On a wing and without a prayer – the decline of the monarch butterfly

Out of America: More GM crops mean more herbicides – which destroy the food the insects need for their epic migration

Share
Related Topics

As you read this, the first intrepid invaders are fluttering northward across the Rio Grande that separates Mexico from the United States. Within days, they will be followed by millions of others, in one of earth's most extraordinary rites of spring. The great migration of the monarch butterfly is under way – and never has one been watched so closely, and so anxiously.

Forget the politicians and the rest of the human activity that makes Washington tick. The real wonders of this place, I have come to realise, are natural – and two of them in particular. The first are the Brood X cicadas, the larvae of which grow underground for 17 years before emerging in late spring to spend six short weeks in our sunlit world, in which time they mate, breed and die. They are sluggish creatures and seemingly half blind, to judge by the way they splatter into walls and windows. They also make a deafening din that makes summer's standard cicada buzz a whisper. Cicada-fanciers say they are delicious deep fried, but to my shame I've never dared to try one. More to the point, they appear a mere five times in the average human lifetime. Currently the larvae, which last surfaced midway through the George W Bush presidency, have served slightly over half their subterranean sentence and will reappear in 2021 (when, who knows, Hillary Clinton may be embarking on her second White House term).

But the glorious visitation of the monarchs takes place every year. Here in DC, we're on the edge of the migration, but in May a few northbound ones, instantly recognisable through their gaudy gold and black colouring, usually drop into the garden to refuel. More may be seen in late September or October on their way back to Mexico, still a month or two's travel away. This year, however, there may be fewer than ever. The monarch, alas, is in big trouble.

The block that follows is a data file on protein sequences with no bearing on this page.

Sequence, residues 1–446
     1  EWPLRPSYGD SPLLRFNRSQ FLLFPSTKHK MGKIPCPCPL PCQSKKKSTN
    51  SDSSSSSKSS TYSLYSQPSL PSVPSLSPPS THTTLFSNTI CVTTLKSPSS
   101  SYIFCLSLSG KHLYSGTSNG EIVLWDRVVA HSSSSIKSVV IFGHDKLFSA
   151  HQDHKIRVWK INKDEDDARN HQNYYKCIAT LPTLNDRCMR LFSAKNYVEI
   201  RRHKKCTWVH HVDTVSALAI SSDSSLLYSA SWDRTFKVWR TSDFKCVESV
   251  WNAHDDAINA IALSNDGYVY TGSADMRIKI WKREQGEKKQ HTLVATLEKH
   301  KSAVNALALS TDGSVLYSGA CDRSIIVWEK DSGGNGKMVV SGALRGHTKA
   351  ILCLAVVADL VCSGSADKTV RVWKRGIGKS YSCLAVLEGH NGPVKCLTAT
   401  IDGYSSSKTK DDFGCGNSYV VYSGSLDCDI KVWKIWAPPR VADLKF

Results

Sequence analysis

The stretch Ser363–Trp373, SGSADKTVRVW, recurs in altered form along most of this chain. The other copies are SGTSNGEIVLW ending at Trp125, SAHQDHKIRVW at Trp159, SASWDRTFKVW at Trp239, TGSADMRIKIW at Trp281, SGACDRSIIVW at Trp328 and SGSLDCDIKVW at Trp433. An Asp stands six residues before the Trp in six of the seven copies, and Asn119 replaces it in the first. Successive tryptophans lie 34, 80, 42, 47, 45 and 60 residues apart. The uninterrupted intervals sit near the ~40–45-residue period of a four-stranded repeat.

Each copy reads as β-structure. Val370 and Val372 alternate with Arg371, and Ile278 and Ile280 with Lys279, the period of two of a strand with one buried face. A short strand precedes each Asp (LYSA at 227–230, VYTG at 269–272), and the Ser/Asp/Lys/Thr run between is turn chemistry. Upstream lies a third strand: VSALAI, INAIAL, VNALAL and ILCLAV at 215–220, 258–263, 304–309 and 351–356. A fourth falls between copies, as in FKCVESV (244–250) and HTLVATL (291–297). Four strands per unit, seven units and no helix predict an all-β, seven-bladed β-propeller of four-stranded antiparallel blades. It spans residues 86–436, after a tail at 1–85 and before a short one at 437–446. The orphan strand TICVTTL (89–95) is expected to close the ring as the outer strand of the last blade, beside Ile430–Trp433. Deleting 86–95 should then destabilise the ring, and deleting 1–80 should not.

In its way, a monarch's life cycle is even more extraordinary than that of Brood X cicadas. It winters in one of just a dozen patches of fir forest in the Sierra Madre mountains, to the west of Mexico City. In early to mid-March it begins the epic northward journey. When the monarchs reach the southern US they lay their eggs, and a new generation is born, with an overall life cycle of up to eight weeks.

Twice more this process – egg to caterpillar to chrysalis to butterfly – repeats itself as the monarchs fly north to the Canadian border and beyond, where a fourth generation of monarchs is born. But this final generation of the year is different. It lives for eight or nine months, not weeks, and does not breed until the very end. Its mission is to fly back to those same fir trees whence its great-great-grandparents departed eight or nine months earlier. There they wait out the winter before the whole cycle starts again.

How the monarchs navigate their 4,000-mile round trip no one is quite sure. Creatures of many species migrate, but usually with a parent to show them the way. No such luck for the monarch; the last members of the species to ply the route were four generations ago. Yet somehow they manage; year after year, monarchs west of the Rockies go back to a few similar acres of highland forests in southern California, while east of the Rockies the butterflies return to Mexico.